LOCAL VOICES NETWORK: FOSTERING CONSTRUCTIVE COMMUNITY CONVERSATIONS
Katherine Cramer, PhD, UW-Madison Professor of Political Science, gained national acclaim with her book, The Politics of Resentment: Rural Consciousness and the Rise of Scott Walker, published in March 2016. After the overwhelming response to her book, Kathy Cramer wanted her work to move beyond simply unearthing resentments. A speaking engagement at Harvard in March 2017 gave her that opportunity. Following her participation in a Conference analyzing the 2016 election, an MIT professor who had been Chief Media Scientist at Twitter, walked up to her and asked, “Who are you?”
From that encounter, the Local Voices Network was born. LVN is a project of Cortico, a nonprofit organization that fosters constructive public conversation in communities and the media to improve our understanding of one another, and the MIT Media Lab.
The Local Voices Network hosts in-person small-group community conversations and, through a digital network, connects these conversations across political, cultural and geographical boundaries. These conversations open a new listening channel for journalists, leaders, and the community-at-large to hear new voices and local perspectives.
Sound complicated? On this program, Professor Cramer describes how it works.
In their Citizens United decision, the U. S. Supreme Court determined that corporations are people too, and they have a constitutional right to political speech. Now, a new and free app, Goods Unite Us, allows consumers to hear what corporations are saying in the form of their political donations and, in turn, lets consumers respond by choosing which goods they purchase and from whom. Corporations earn profits from everyday consumer purchases. Some of these profits are donated to politicians and/or causes you may or may not agree with.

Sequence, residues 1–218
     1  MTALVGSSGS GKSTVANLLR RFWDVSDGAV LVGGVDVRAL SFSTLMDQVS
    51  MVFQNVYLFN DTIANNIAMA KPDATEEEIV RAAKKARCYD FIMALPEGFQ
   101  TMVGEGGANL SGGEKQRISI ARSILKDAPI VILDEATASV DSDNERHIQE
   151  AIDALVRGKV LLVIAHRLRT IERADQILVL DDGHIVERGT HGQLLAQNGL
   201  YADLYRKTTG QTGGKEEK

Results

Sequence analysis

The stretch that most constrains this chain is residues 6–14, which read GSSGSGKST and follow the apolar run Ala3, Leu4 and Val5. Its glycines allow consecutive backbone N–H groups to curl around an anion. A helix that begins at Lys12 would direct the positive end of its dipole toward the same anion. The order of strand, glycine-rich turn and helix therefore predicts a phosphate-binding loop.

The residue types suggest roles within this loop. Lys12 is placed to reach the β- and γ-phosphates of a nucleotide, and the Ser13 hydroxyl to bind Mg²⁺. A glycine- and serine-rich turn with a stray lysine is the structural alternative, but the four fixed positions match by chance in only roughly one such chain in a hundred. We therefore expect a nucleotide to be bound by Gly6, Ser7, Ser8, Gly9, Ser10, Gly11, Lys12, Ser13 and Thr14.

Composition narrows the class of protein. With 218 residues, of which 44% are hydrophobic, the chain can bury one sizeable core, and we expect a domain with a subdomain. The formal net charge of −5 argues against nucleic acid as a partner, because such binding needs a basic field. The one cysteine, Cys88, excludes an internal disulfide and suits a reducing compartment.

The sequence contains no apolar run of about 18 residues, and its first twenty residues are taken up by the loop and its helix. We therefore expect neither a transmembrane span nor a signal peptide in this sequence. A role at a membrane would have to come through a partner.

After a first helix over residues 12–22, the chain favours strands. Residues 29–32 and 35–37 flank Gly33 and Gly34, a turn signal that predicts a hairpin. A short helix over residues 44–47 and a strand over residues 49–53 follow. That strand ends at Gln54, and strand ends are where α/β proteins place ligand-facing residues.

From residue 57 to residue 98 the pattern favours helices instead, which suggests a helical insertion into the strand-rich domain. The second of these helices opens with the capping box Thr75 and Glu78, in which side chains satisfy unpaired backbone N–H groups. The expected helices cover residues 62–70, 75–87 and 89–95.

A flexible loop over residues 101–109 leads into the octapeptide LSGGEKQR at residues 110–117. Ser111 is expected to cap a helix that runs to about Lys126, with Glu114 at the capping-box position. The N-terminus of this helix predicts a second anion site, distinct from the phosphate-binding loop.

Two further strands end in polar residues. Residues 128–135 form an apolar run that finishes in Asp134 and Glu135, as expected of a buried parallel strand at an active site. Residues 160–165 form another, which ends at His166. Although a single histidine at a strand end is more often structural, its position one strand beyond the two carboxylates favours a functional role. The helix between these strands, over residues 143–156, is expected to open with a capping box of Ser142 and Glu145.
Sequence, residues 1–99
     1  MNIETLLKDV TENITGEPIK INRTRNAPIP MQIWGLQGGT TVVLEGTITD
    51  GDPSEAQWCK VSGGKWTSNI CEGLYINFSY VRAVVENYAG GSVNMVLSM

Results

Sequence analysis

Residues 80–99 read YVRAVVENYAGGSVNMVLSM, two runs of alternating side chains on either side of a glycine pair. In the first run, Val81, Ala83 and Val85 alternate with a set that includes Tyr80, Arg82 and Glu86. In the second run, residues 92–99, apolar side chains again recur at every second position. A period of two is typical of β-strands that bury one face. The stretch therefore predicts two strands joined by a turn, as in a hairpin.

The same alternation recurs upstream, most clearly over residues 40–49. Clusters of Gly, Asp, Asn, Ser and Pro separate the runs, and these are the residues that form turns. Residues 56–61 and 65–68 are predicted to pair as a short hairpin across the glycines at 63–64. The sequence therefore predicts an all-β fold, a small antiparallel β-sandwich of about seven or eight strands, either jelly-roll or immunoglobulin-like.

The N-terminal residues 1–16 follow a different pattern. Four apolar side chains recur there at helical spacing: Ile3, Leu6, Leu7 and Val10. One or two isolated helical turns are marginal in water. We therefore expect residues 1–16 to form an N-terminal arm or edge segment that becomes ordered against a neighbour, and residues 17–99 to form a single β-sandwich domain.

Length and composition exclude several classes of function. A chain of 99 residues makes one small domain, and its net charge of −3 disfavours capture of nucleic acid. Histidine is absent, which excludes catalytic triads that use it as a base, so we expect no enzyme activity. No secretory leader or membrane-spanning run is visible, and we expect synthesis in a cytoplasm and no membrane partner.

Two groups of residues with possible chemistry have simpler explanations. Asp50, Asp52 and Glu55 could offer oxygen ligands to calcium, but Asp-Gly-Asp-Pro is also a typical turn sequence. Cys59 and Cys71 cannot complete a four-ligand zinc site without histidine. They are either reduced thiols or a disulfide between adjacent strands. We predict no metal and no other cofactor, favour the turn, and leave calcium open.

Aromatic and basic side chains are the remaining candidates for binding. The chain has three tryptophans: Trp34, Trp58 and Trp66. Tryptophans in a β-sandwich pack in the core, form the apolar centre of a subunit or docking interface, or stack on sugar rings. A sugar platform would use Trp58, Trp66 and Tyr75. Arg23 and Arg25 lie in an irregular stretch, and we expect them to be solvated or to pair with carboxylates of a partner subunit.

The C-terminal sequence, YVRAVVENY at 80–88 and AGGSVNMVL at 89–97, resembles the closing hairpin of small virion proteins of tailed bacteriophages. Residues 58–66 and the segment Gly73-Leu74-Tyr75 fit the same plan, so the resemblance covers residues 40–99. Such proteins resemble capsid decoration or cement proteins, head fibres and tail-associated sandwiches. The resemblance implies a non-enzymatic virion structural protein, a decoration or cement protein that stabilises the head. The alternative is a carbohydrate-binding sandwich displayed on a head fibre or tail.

On this program, Abigail Wuest, CEO and founder, and Amy Jo Miller, COO and founder, of Goods Unite Us, describe how this app brings more accountability and transparency to our political process. Each company gets an overall Goods Score calculated on a scale of -100 to +100. When you look up a brand or a company, Goods Unite Us will tell you about donations made by the organization and its senior employees, including the aggregate political leaning of the company, parent company, and senior employees. The scores are based on data and have no partisan preference.
If enough citizens shop using Goods Unite Us, more corporations may be incentivized to end corporate political contributions, and consumers will be empowered to make their voices heard through the purchases they make.
Science and technology cannot replace the power of a physician learning about his or her patients, connecting with them, listening, touching, reading their eyes, showing compassion—treating the whole person and not just the disease. This is the premise of Healing the Soul by Bhupendra O. Khatri, MD. In this book, Dr. Khatri shares personal stories of patients exhibiting remarkable courage and maintaining hope and purpose in the face of terrible illness, disability and suffering. How are they able to do this? According to Dr. Khatri, through the power of the mind/body relationship—positive thinking—recognized and inspired by physician care.